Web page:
Belgium's rise to the top of FIFA World Cup qualifying Group A has sparked excitement across the country, with hopes high that a gifted array of talents may finally be about to build on their promise.
The Red Devils have been billed as potential world-beaters for a number of years now, but after a series of disappointments they grabbed headlines with a sparkling 3-0 victory in Serbia on Friday. That took Belgium level with Croatia atop their qualifying section, and Marc Wilmots' men plan to stay there when they host Scotland on Tuesday.
"Last night we could finally dream about a definitive resurrection," enthused Belgian newspaper Nieuwsblad in the wake of Friday's triumph, the Red Devils having inflicted only a second home defeat on Serbia in 28 qualifying games. Belgium have not graced a major tournament since the 2002 FIFA World Cup, but that could be set to change if their current crop of players continues to shine.
In goal, Club Atlético de Madrid's Thibaut Courtois – on loan from Chelsea FC – is already making a name for himself at just 20 years of age, while the defence boasts three Premier League regulars in Vincent Kompany, Thomas Vermaelen and Jan Vertonghen. As for the midfield, the likes of Axel Witsel, Eden Hazard, Kevin De Bruyne and Moussa Dembélé offer creativity and power, with forwards Nacer Chadli, Kevin Mirallas and Christian Benteke also proving their worth. Wilmots will likewise be able to call upon Marouane Fellaini and Romelu Lukaku when the duo return from injury.
"This is the best Belgium team ever – even better than the generation of Enzo Scifo that finished fourth at the 1986 World Cup," said Croatia coach Igor Štimac after the two teams drew 1-1 in September. That is some commendation, but Scifo himself feels the comparison is fair. "This generation contains more talent than we had – only their mental strength is not at the same level," explained the RAEC Mons ahead of the qualifying campaign.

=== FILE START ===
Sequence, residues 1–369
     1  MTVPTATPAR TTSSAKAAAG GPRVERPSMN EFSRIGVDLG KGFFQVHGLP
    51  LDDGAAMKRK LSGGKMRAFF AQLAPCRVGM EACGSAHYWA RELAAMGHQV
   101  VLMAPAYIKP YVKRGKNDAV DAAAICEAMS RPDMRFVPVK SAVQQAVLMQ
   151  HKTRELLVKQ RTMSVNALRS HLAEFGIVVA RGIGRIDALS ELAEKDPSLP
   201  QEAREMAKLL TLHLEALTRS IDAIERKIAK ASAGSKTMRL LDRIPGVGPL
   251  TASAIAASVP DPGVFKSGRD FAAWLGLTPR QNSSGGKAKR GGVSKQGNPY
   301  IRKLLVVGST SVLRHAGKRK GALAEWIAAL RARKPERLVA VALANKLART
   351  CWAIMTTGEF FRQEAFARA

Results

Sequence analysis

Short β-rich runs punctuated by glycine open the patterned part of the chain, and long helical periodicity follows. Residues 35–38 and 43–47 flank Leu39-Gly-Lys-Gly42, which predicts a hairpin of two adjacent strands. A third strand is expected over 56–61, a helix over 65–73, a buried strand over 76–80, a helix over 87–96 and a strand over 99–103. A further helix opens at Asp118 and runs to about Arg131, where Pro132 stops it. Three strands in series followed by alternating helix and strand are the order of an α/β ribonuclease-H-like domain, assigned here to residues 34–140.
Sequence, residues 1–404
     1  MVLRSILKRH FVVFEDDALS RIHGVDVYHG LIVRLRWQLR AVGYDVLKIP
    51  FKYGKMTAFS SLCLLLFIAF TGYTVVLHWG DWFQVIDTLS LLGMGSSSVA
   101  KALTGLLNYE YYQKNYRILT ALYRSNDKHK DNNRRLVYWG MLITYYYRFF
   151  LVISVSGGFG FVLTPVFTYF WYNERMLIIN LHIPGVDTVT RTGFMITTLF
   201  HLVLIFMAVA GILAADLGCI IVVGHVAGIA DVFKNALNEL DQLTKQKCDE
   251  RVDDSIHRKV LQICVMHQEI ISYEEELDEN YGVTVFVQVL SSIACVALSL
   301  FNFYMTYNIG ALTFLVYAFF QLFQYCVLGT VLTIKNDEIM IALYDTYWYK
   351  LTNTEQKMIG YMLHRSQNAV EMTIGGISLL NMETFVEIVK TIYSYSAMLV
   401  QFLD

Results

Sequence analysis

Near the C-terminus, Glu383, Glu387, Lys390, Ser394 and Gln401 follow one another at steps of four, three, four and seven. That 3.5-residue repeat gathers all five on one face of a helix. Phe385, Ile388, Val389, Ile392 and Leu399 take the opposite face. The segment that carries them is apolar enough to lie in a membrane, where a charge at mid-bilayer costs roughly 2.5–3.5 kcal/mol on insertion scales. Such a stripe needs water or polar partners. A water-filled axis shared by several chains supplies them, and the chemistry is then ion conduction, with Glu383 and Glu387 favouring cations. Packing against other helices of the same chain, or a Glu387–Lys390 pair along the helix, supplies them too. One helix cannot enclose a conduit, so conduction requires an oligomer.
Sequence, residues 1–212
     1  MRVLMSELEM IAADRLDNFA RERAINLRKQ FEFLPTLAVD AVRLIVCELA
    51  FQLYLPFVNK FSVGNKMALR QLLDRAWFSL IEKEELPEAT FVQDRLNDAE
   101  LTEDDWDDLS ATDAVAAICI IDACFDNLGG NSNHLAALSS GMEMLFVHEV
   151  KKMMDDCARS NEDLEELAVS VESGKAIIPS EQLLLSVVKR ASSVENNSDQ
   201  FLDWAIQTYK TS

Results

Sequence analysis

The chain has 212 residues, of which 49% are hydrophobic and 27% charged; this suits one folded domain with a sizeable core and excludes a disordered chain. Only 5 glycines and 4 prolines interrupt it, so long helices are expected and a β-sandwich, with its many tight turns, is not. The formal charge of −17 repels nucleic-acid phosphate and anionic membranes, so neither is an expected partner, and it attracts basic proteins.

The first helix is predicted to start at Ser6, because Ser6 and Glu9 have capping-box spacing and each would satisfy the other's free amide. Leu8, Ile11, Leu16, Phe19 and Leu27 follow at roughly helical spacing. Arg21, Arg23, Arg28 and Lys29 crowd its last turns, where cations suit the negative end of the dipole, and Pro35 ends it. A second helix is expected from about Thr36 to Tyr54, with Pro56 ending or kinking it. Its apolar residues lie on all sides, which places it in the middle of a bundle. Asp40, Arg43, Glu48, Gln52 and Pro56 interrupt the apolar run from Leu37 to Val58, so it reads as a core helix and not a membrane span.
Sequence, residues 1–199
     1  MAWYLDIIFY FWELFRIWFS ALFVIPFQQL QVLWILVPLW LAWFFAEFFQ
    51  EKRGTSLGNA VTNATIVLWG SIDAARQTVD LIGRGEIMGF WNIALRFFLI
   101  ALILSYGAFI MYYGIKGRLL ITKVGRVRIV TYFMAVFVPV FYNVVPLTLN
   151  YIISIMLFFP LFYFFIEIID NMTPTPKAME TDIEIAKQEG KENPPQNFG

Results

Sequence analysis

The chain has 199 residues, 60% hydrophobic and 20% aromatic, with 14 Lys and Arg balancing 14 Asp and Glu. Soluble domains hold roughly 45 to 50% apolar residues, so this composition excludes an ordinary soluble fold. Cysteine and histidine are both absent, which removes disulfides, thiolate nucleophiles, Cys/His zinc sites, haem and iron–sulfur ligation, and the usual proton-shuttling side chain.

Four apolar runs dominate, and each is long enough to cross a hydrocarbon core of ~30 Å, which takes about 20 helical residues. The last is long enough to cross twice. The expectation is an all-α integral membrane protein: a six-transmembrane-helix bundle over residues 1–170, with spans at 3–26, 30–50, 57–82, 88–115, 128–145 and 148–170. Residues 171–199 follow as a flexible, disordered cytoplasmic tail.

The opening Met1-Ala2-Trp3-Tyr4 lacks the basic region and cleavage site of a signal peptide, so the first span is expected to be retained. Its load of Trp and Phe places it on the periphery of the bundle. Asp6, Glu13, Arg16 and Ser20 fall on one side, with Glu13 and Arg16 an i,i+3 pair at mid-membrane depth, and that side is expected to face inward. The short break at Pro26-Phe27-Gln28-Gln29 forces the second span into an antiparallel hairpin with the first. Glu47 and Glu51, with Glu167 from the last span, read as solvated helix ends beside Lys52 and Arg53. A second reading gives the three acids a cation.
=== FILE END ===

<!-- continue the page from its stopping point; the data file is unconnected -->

Adding mental fortitude to the players' undoubted gifts is the challenge now facing Wilmots, and he seems to have started winning that battle since replacing Georges Leekens in the summer. "We are happy but not euphoric," explained the 43-year-old after the win against Serbia, keen to keep his side on their toes. "We haven't done anything yet. The second match [against Scotland] will be very important now. But I saw a very good team today, including the substitutes. It's important to keep our feet on the ground.
"We have excellent players but we have not reached anything yet," continued the former international midfielder, present when Belgium disputed their last major finals ten years ago. "It's time to be in a major tournament again – high time. No more excuses. I've been to enough EUROs and World Cups as a TV commentator now."
Having also travelled to the 1990, 1994 and 1998 World Cups – and still Belgium's all-time record scorer in the tournament – he could be back for real at Brazil 2014.
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